15. chall says:

    Great post (as usual).

    “If I interpret this person’s view correctly, the choice of the arts over the sciences is not only a betrayal, but describing it is also a bad influence on the impressionable young. It is not the first time I’ve heard this criticism of the ending – others, always scientists, have seen Claire’s choice as a disappointing “failure”, as turning away from the “right” path to something that is more lightweight, more flimsy, less worthy of her talent and effort.”

    I hadn’t thought about the ending of Honest Look in that light as much as I felt similarities to myself and almost everyone I got to know and talk to as a post-doc who was contemplating future work. The eternal (as it seemed then anyway) struggle of “leaving science or doing something else”, where a lot of my friends were tempted to writing as a career (although not poets maybe).

    To me the poetic/writer (otherwise creative) choice seems almost as fickle as the scientist way, when it comes to “job security”. Most people I know who has finished their books and gotten them published seem to do it “at night” or outside of their ‘money job’ <- so obviously not a steady source of money until you hit it big. As in science, until that BIG grant/TT positon/+glam pubs you're relying on many small grants trickling in together but you do it because you want/need to. As to the concept that poetry is 'more flimsy" I guess it's the ageold concept that humantaries seem 'not as important since it's hard to point at what money it brings in' (e.g. new drugs/viaducts/computer programs)?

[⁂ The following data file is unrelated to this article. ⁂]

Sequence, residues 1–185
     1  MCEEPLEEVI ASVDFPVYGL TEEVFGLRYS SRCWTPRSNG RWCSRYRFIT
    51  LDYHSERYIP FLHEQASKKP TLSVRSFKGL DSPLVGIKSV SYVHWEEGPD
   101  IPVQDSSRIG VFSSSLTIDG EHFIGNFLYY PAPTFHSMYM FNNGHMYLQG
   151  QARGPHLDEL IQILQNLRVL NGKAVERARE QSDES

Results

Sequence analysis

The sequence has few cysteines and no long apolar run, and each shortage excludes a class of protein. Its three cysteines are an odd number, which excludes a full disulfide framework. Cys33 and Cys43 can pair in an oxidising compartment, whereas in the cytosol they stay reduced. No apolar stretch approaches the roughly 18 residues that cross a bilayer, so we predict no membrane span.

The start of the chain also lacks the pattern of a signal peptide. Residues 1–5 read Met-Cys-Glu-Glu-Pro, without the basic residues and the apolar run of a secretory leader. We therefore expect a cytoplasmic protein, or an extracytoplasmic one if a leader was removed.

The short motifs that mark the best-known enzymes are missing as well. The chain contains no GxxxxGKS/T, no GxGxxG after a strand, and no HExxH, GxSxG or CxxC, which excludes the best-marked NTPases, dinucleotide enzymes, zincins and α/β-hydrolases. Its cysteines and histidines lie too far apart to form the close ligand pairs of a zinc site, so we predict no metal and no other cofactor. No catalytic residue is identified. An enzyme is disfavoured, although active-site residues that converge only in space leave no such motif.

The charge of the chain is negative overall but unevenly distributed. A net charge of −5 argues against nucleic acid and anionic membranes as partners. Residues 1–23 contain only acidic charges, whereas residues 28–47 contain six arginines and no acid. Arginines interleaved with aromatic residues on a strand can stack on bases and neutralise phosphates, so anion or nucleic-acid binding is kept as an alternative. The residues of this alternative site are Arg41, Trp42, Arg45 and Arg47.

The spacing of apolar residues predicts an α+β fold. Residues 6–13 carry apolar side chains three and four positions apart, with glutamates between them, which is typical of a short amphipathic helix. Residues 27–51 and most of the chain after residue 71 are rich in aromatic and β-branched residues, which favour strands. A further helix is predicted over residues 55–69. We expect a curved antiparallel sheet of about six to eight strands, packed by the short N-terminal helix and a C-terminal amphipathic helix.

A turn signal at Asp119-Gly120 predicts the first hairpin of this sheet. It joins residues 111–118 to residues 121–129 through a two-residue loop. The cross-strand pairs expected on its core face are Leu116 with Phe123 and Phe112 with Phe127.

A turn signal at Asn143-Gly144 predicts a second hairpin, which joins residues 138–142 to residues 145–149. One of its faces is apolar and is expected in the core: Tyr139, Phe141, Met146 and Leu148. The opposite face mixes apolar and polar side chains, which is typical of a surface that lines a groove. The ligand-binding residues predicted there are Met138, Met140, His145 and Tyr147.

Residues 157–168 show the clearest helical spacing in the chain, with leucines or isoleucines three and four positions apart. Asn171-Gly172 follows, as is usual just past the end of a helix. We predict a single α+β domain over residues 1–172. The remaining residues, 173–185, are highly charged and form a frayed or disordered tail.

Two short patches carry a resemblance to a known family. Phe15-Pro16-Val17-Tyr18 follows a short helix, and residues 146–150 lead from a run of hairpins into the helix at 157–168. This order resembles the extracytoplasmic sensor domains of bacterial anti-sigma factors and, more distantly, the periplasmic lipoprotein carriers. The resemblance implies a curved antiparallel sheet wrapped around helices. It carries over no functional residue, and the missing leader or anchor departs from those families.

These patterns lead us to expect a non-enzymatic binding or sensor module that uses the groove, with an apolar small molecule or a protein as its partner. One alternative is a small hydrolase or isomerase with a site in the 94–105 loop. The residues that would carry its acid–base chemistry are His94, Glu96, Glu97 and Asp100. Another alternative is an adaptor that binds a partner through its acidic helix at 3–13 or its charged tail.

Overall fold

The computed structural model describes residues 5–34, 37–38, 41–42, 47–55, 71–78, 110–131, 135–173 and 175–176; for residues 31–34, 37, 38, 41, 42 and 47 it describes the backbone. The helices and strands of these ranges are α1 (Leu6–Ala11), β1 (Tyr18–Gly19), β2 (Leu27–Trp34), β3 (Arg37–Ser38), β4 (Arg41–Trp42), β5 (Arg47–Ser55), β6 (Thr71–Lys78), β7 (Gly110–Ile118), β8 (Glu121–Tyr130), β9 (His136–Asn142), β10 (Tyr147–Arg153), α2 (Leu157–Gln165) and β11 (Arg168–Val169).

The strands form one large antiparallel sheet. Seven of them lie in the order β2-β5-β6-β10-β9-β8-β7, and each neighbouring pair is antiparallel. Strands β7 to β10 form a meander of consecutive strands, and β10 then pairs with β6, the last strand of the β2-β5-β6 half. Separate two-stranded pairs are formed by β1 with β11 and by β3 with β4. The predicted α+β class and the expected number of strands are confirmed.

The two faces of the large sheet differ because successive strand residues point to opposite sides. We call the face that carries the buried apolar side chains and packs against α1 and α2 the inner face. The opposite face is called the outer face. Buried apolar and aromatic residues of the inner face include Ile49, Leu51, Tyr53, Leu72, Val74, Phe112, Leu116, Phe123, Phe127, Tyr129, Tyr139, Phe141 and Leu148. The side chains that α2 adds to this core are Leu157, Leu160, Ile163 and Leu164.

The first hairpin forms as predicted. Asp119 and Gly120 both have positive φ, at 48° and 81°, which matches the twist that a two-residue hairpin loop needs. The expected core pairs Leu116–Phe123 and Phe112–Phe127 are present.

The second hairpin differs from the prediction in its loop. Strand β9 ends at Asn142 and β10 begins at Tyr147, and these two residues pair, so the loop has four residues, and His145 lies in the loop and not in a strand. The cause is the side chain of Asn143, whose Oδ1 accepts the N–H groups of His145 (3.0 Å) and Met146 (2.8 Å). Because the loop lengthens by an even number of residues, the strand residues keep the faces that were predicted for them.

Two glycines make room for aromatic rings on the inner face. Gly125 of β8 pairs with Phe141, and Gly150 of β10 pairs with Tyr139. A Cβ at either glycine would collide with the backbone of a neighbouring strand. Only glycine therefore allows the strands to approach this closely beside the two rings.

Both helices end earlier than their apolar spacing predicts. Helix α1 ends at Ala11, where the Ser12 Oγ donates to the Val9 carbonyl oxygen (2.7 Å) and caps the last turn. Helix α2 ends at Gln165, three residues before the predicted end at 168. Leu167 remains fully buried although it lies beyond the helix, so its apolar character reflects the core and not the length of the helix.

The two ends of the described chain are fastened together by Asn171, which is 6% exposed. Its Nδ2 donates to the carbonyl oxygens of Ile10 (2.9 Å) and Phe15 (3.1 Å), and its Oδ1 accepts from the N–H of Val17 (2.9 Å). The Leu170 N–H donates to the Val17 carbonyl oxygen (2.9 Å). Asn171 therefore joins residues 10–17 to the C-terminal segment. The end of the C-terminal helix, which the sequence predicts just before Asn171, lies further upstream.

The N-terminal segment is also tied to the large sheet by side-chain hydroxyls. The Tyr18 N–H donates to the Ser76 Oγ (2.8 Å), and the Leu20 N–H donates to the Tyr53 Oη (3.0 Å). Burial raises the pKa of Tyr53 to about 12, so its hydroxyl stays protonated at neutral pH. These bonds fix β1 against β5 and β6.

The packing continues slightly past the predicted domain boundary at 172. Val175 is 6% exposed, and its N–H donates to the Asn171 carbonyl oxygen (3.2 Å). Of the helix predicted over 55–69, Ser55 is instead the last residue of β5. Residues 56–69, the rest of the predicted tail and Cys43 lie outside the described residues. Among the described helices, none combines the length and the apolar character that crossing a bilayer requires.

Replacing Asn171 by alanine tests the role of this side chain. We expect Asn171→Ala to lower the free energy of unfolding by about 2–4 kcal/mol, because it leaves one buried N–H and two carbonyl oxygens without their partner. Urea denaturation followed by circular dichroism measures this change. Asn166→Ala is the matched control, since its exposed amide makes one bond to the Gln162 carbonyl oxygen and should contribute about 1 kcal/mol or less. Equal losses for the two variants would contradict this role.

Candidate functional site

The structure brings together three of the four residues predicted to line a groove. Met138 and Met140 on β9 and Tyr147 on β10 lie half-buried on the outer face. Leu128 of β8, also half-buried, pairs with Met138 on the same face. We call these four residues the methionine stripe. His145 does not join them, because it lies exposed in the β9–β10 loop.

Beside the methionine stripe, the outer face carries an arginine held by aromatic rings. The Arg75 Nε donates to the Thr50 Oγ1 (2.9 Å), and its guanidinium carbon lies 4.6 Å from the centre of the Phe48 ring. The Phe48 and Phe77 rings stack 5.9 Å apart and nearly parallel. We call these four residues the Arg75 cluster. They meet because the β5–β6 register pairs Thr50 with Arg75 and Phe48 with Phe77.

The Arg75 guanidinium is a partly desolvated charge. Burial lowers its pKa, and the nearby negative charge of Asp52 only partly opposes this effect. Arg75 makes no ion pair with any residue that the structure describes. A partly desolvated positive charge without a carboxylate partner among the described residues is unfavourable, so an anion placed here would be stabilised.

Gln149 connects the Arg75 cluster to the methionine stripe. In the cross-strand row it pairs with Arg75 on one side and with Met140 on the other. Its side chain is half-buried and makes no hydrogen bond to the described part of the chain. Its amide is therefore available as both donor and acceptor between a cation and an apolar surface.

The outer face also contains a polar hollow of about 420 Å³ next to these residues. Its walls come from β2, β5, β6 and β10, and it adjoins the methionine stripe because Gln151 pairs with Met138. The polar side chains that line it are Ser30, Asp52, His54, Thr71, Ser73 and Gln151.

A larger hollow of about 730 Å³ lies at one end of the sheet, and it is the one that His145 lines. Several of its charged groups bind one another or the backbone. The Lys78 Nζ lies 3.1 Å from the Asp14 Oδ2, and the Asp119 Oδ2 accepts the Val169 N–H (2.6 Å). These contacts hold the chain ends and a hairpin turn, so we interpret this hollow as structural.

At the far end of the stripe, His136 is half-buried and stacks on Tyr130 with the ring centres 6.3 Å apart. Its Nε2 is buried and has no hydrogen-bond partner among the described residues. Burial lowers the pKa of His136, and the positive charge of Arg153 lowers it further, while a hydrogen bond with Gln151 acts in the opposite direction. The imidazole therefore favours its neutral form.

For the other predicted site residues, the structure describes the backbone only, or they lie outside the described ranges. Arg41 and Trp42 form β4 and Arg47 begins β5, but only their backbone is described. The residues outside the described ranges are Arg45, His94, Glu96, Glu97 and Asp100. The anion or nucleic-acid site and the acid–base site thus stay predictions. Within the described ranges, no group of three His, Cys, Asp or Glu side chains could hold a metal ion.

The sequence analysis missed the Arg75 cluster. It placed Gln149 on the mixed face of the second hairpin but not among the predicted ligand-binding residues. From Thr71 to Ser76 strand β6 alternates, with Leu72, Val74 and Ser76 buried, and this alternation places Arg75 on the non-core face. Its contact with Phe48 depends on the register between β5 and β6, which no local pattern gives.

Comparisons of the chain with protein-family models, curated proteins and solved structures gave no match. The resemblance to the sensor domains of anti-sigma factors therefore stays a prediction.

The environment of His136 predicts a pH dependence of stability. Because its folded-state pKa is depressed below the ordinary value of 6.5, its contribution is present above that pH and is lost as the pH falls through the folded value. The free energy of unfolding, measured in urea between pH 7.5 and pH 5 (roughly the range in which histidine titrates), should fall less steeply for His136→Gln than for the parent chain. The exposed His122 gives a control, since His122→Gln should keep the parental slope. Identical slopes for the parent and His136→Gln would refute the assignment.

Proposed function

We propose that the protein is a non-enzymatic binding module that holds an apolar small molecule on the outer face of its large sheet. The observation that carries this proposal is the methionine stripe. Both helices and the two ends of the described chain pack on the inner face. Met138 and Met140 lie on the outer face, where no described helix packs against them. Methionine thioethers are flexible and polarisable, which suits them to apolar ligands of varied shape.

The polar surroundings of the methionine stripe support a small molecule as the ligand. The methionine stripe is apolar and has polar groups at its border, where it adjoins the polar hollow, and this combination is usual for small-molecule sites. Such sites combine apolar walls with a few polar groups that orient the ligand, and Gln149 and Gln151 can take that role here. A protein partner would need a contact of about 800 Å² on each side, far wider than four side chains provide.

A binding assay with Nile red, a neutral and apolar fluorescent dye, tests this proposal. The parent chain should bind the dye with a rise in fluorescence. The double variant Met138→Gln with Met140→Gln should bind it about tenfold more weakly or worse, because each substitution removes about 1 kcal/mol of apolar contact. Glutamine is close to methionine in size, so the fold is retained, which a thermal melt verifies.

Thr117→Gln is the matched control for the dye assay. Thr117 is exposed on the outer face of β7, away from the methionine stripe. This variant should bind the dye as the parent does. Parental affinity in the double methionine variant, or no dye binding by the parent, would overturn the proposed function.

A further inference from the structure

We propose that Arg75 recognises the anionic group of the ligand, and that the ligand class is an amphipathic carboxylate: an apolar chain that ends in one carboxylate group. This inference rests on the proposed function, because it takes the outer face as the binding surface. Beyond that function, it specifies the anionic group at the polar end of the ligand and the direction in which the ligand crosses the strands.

16. Alton Dooley says:

    When I was applying to doctoral programs to study paleontology, the person who eventually became my advisor told me bluntly “Almost all of my former students are gainfully employed. Very few of them are employed as paleontologists. The job market for paleontologists is very steady, at just above zero.”

    I actually did get a research job running my own lab (eventually), but a lot of luck was involved. Knowing that there were other options available helped me get through those first few years after graduate school.

  17. It seems that Ryan Tweney, the author of the comment you discuss, has an axe to grind, or some pretty serious preconceived notions of how he wanted your book to end. Like chall, I didn’t interpret it that way. It was just the ending that you chose to write.

    As for propaganda… well, it may be an “unlikely event” that you were writing with this in mind, but there are plenty of examples where novels are used to advance all kinds of social and political agendas. The works of Steinbeck, Conrad, Koestler and Solzhenitsyn jump to mind. But there’s nothing wrong with that, either.

  18. I couldn’t put it better than Vanessa Heggie in the first comments, especially with regard to the notion of similar sentiments outside academia.
    Also, I seem to be one of the few people that are in favour of the internships on BBSRC doctoral training programmes (3 months outside of the lab environment). It could be difficult to set up, manage etc but I think at its core it is a very good idea. Not only to expose postgrads tot he wider possibilities for job options but also for if/when they are tenured academics.
    Good luck with the fight for funding to continue.

  19. (I’m late to respond, but I’m also in the humanities)

  20. David, I like the idea of those internships too but I’ve heard some lab heads grumble that it will affect their productivity/data-production/paper writing and therefore endanger the lab as a whole. Which I think is not only silly, but selfish. Let’s hope they become more widespread.